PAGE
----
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No Evidence of Association between Toxoplasma gondii Infection and Financial Risk Taking in Females.

Lanchava L, Carlson K, Šebánková B, Flegr J, Nave G - PLoS ONE (2015)

Bottom Line: Past research linked Toxoplasma gondii (TG) infection in humans with neurological and mental disorders (e.g., schizophrenia, Alzheimer's disease and attention disorders), irregularities of the dopaminergic and testosterone system, and increased likelihood of being involved in traffic accidents.We estimate each subject's risk attitude and loss aversion using an experimental economic task involving real monetary incentives.We find no significant evidence that either measure of decision-making is associated with TG infection.

View Article: PubMed Central - PubMed

Affiliation: Center for Economic Research and Graduate Education and Economics Institute (CERGE-EI), Prague, Czech Republic.

ABSTRACT

Background: Past research linked Toxoplasma gondii (TG) infection in humans with neurological and mental disorders (e.g., schizophrenia, Alzheimer's disease and attention disorders), irregularities of the dopaminergic and testosterone system, and increased likelihood of being involved in traffic accidents.

Methodology/principal findings: We test for an association between TG infection and financial decision-making (DM) using a case-control design in a sample of female Czech students (n = 79). We estimate each subject's risk attitude and loss aversion using an experimental economic task involving real monetary incentives. We find no significant evidence that either measure of decision-making is associated with TG infection.

Conclusion: We were unable to find evidence of an association between TG infection and financial decision-making in females.

No MeSH data available.


Related in: MedlinePlus

Frequency of risky choices in Toxoplasma-infected and Toxoplasma-free subjects.The graph shows arithmetic means, standard errors and a p-value.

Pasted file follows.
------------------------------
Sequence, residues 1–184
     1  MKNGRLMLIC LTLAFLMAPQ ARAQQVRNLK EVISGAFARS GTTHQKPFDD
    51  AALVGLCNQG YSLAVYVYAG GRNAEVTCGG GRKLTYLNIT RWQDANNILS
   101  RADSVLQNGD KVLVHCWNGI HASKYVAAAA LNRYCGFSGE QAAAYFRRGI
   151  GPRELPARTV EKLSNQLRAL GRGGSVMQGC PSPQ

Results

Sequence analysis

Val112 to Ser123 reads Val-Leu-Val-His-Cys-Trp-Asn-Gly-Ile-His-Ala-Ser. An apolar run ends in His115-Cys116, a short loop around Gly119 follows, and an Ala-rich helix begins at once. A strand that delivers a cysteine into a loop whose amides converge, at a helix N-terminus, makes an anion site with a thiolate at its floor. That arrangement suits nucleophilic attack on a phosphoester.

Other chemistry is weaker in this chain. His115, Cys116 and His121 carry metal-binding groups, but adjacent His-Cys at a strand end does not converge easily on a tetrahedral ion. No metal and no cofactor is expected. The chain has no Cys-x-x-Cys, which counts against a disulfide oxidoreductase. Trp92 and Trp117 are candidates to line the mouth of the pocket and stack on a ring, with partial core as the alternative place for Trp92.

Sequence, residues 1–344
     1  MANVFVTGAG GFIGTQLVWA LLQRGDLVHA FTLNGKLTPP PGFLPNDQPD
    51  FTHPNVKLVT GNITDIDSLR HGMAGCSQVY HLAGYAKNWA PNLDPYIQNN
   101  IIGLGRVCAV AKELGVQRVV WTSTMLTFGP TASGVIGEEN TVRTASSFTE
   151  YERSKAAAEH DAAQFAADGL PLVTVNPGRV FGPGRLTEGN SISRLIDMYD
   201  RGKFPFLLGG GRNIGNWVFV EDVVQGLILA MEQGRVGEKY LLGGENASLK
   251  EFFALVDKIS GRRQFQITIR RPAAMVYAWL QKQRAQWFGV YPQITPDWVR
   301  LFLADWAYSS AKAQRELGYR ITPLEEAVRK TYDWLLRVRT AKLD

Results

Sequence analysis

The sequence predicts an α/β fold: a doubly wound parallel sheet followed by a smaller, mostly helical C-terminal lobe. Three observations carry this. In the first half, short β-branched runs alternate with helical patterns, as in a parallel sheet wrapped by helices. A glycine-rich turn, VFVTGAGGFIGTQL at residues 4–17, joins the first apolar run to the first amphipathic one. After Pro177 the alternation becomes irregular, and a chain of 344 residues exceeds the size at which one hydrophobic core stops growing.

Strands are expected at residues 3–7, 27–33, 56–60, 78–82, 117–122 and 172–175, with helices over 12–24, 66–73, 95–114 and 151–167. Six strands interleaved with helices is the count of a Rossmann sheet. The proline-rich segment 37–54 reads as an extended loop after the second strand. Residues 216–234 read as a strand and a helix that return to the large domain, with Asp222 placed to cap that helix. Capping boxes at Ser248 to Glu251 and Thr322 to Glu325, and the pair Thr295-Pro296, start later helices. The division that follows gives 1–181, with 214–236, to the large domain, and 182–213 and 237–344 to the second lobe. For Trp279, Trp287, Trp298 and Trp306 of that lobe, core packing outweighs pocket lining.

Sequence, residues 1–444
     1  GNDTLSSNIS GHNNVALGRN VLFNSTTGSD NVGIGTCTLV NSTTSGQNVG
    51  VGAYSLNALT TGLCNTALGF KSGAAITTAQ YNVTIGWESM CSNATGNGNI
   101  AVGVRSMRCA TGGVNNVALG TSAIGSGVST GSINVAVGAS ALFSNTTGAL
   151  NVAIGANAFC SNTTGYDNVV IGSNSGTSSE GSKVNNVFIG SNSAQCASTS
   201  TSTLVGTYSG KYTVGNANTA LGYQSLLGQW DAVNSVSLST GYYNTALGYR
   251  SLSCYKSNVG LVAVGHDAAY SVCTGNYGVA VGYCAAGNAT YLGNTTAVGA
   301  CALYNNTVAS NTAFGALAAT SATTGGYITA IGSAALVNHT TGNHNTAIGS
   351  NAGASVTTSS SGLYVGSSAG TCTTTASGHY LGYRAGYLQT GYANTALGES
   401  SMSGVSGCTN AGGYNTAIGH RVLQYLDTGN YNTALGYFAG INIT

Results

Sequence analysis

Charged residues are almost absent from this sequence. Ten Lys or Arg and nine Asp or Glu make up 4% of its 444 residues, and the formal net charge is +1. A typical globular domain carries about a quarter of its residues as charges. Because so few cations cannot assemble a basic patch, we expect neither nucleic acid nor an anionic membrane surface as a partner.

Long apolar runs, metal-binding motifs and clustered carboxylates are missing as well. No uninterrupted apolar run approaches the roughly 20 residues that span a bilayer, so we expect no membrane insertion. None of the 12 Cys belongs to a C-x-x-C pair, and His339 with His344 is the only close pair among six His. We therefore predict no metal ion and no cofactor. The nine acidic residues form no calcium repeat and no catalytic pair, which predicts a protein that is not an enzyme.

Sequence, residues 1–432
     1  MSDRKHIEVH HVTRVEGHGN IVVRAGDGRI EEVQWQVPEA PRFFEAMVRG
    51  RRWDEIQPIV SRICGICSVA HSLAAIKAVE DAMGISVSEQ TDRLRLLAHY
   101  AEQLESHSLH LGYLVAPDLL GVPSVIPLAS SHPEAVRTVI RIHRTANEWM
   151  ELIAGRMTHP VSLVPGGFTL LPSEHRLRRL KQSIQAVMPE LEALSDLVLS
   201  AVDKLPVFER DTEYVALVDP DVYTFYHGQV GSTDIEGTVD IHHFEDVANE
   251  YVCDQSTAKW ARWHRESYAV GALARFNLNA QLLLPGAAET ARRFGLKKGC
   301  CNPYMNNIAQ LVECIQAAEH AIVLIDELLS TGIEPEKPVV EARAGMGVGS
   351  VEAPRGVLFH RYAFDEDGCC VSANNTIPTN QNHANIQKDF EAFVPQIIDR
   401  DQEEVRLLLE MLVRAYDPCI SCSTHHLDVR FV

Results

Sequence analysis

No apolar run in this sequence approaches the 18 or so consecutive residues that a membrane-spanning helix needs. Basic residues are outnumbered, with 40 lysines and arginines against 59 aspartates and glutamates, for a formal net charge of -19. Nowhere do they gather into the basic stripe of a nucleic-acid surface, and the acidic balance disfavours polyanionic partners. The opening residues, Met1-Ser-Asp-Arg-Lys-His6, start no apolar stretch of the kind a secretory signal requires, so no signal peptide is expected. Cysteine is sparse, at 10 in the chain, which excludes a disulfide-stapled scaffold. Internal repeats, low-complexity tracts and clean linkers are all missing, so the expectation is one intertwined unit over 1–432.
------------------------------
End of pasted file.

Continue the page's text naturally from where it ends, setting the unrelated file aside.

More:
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pone.0136716.g002: Frequency of risky choices in Toxoplasma-infected and Toxoplasma-free subjects.The graph shows arithmetic means, standard errors and a p-value.

Mentions: For each subject, we calculated a raw measure of risk attitude by calculating the frequency of risky choices (i.e., the proportion of trials in which the subject chose the risky option). Fig 2 shows the means of this variable in both TG-infected and TG-free subjects. The difference was not statistically significant (t(77) = 0.61, P>0.53). To further assess risk-seeking behavior, we examined subjects’ choices when the expected value of the gamble was less than the sure option; a two tailed t-test shows that the difference was not statistically significant (t(77) = -0.40, P>0.68, Fig 3, left panel). We also found no significant differences in the frequency of risky choices when the expected value of the gamble was more than the sure option (t(77) = 1.33, P>0.18, Fig 3, right panel). Additionally, we compared average response times (RTs) in seconds (per trial) across the two groups (see Fig 4). In accordance with previous studies reporting slower RTs in TG-infected subjects [42] the TG-infected group average RT was larger than the TG-free counterparts, though the difference was not statistically significant (t(77) = -1.10, P>0.27). We also found no differences in RTs between the two groups when separately examining choices of the risky option (t(77) = -1.62, P>0.10, Fig 5, left panel) and choices of the sure option (t(77) = -1.33, P>0.18, Fig 5, right panel).